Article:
On Wednesday, Paris mayor Anne Hidalgo announced new plans for the French capital city’s ring road. The ‘périph’, as Parisians call it, will feature an ‘Olympic way’ during the 2024 Olympic Games, reserved for athletes, officials, and emergency services. After the event, that traffic lane will be deleted, and the 10 hectares ‘freed’ will see 70 000 trees grow.
While the périph is a municipal road, Mrs. Hidalgo needs validation from the State to modify traffic flow. Furthermore, in November 2021, a survey from the Regional Council showed that Île-de-France’s citizens rejected traffic lane suppression at 90,2%.
At first ‘Olympic way’
The story of the Paris ring road ‘périphérique’ is a complicated one. Built in 1973, the 35 km of tarmac has remained mostly unchanged. In 2018, the City of Paris, the Île-de-France regional council, the State, and the departments launched a consultation on infrastructure change.
On Wednesday, Paris mayor Anne Hidalgo announced that the previously agreed-upon ‘Olympic way’ will see the light of day. During the 2024 Paris Olympic Games, one traffic lane of the ‘périph’ will be reserved for athletes, officials, and emergency services. However, it doesn’t end there. After the event, that traffic lane will continue to ban regular traffic as it will be reserved for buses, taxis, and carpooling.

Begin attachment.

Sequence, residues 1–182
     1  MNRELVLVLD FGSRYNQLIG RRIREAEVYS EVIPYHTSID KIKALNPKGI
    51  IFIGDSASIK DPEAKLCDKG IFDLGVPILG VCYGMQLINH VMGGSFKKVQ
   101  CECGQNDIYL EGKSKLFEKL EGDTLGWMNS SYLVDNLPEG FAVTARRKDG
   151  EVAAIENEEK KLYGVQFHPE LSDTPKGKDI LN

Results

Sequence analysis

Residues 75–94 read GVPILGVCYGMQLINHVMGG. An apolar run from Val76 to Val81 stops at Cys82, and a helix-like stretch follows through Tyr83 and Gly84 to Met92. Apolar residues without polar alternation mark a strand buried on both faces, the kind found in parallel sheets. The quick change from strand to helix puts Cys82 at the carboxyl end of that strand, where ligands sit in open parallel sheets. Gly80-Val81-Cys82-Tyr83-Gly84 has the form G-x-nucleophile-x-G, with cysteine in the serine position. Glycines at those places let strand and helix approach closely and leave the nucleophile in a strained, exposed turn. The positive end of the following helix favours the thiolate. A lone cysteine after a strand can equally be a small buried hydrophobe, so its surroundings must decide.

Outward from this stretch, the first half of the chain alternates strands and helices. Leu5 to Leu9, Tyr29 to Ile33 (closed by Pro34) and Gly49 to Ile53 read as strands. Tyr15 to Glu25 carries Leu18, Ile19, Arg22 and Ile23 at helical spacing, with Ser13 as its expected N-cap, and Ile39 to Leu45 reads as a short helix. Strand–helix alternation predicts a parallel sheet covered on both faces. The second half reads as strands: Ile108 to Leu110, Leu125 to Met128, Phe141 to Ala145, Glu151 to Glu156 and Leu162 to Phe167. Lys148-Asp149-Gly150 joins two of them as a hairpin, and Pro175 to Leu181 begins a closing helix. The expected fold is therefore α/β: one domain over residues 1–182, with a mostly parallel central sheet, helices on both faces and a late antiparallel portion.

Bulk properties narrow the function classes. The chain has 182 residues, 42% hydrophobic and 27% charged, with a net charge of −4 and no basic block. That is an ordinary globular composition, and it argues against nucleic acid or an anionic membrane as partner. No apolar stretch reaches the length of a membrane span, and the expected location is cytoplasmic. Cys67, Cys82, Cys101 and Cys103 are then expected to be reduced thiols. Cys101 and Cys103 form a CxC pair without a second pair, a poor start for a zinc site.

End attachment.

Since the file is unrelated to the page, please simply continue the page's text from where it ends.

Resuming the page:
‘From grey belt to green belt’
By 2030, the then previous ‘Olympic way’ should be deleted entirely, and in its place, Paris will plant 70 000 trees to “transform the grey belt into a green belt”, as Anne Hidalgo explained during a press conference. According to the mayor, this will take 80 000 cars off the road, and lower noise and pollution levels, which are six times over the WHO’s recommended levels.
In addition to reducing the ring road’s traffic lanes to two-times-three, entries to the city will also be upgraded to favor alternative mobility. The aim is for the ‘périph’ to stop being a fracture between the city and the suburbs.
Despite the green and positive future, the project is primarily contested. Back in 2021, a survey by the Regional Council showed that Île-de-France’s citizens rejected traffic lane suppression at 90,2%. For many, it’s the only road, and reducing traffic lanes will only increase traffic problems, they fear.
There is also a technicality issue, as the City of Paris owns the périphérique, but the State should first approve any infrastructural change. The opposition accuses Mrs. Hidalgo of going for it alone. “Not a single impact study has been included in the debate to analyze the consequences of such a decision for the people of Paris and Île-de-France,” states the LR opposition.